Parties in a lawsuit over the state's denial of a request for slot machines at a simulcast and poker facility in Gadsden County made their cases before the Florida Supreme Court June 7.
A state appeals court in Tallahassee, Fla., has given Gretna Racing LLC what could be a final legal "no" in its bid to resume pari-mutuel barrel racing.
A Florida appeals court upheld an earlier ruling that the Florida Division of Pari-Mutuel Wagering violated a state rule-making process when it granted Gretna Racing LLC a license to hold pari-mutuel barrel racing.
Gretna Racing in Gretna, Fla., has resumed its controversial pari-mutuel barrel racing under a Quarter Horse license, and it is preparing to start its first simulcast signals.
The Florida Division of Administrative Hearings ended a four-day hearing June 29 without issuing a ruling on whether Gretna Racing LLC can continue to use a Quarter Horse racing license to hold pari-mutuel barrel racing.
Voters in Gadsden County, Fla., Jan. 31 approved a ballot issue that authorizes a casino with slot machines at Gretna Racing, the Gretna facility that completed the first pari-mutuel barrel racing meet in Florida.
As Gretna Racing heads toward its Dec. 1 opening of Florida's first pari-mutuel barrel racing meet, issues including the wagering format and a Quarter Horse industry group's administrative challenge.
Gretna Racing is asking the government of Gadsden County, Fla., to authorize a referendum in which that county's voters would decide whether to allow slot machines at the facility where it is preparing for barrel racing.
The Florida Division of Pari-Mutuel Wagering late in the afternoon Oct. 19 approved an application by Gretna Racing LLC to use its Quarter Horse permit to conduct pari-mutuel barrel racing at its facility in Gretna, Fla.
In an application that is generating controversy over the use of racing permits, a Quarter Horse permit-holder in Gretna, Fla., has asked the Florida Division of Pari-Mutuel Wagering for permission to hold barrel racing.
A bill that would have authorized up to five Las Vegas-style casino hotels in Florida has been withdrawn from consideration in the Florida Senate.
The Florida Legislature passed a bill with long-sought benefits for Thoroughbred racetracks, including tax breaks, more slot machines, and extended poker room hours. The governor is expected to sign the bill into law.
Florida's Thoroughbred industry will enter 2010 without the expanded racing, other gaming, and tax breaks it thought it had gained during this year's session of the state legislature.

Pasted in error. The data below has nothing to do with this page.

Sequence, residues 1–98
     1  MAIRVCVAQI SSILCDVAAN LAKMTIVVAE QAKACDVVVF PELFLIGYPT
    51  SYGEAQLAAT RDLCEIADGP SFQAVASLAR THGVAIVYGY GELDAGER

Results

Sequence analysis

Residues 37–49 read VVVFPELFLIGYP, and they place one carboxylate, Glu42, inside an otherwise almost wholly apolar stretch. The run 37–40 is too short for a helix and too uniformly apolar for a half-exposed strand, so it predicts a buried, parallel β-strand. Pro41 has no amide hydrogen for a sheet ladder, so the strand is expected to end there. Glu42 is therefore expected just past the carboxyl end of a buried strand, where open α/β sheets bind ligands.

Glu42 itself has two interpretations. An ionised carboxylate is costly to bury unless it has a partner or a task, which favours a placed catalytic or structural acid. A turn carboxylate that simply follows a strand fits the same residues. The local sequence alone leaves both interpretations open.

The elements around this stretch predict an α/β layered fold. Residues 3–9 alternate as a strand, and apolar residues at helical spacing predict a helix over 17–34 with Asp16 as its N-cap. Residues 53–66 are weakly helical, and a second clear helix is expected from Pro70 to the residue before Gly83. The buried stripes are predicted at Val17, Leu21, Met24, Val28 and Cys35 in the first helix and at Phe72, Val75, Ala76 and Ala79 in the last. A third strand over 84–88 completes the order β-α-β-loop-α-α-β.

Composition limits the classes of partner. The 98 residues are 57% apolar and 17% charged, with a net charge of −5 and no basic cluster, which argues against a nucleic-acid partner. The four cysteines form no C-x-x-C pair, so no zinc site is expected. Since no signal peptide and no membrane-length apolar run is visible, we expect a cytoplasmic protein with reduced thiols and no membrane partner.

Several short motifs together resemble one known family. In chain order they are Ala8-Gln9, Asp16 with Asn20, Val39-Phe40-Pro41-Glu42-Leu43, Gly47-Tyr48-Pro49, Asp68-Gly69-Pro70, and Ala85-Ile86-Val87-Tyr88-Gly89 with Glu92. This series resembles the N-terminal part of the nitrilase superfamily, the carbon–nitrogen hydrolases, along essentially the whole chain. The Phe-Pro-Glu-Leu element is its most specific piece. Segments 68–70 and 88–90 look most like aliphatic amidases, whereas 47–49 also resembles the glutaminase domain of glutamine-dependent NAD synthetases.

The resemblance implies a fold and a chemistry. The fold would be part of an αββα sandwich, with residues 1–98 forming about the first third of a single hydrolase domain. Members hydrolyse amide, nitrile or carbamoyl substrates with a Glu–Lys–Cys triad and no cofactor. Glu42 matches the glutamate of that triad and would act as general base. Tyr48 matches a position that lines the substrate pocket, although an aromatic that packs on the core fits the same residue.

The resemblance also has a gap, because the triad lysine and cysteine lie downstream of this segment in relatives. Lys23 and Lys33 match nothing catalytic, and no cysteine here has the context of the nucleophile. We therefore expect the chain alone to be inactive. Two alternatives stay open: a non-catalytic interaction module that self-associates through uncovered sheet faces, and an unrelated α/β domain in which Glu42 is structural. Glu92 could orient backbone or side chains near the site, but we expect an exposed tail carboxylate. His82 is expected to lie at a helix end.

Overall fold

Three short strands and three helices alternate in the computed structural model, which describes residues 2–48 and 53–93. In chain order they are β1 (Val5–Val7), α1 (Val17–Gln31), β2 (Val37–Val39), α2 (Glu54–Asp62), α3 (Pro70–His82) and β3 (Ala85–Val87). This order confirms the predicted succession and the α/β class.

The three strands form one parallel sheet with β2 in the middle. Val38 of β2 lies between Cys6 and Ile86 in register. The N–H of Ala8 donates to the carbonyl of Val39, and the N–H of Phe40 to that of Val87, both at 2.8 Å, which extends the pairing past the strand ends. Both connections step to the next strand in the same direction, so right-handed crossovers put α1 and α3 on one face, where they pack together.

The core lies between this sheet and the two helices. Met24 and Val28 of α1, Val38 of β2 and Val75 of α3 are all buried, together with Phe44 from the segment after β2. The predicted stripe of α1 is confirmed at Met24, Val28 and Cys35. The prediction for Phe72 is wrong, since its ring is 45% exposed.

Gulfstream Park and Hialeah Park are battling over the Thoroughbred racing permit the Florida Division of Pari-Mutuel Wagering took away from Hialeah in 2003.
Tampa Bay Downs vice president and general manager Peter Berube says the track "might not be in a position to continue" racing if the Florida legislature accepts the latest gaming compact between Gov. Charlie Crist and the Seminole Tribe of Florida.
Florida Gov. Charlie Crist and the Seminole Tribe of Florida are nearing their Aug. 31 deadline to approve a Gaming Compact, which would trigger a new law that would provide economic benefits for the state's Thoroughbred industry and for that tribe's casinos.
Gulfstream Park said Aug. 26 it will mount a vigorous defense against the $800,000 in fines sought by the Department of Business and Professional Regulation Division of Pari-mutuel Wagering.
The Florida Legislature May 1 extended its annual regular session for seven days, with pending bills on Thoroughbred and other pari-mutuel issues and on Indian gaming among unfinished business.
The Florida Legislature will end its annual regular session May 1, and as of April 28 the House and Senate had not resolved major gaming issues including whether the Seminole Tribe of Florida should be able to keep blackjack and baccarat tables at its casinos.
- By Jim Freer
Florida Gov. Charlie Crist and the Seminole Tribe of Florida July 17 asked the Supreme Court of Florida for a re-hearing on its July 3 ruling that declared blackjack and baccarat illegal at the tribe's casinos in the state.
The Supreme Court of Florida ruled July 3 that Gov. Charlie Crist exceeded his authority last November when he signed a compact that has permitted the Seminole Tribe of Florida to have Class III Las Vegas-style slot machines, blackjack, and baccarat.
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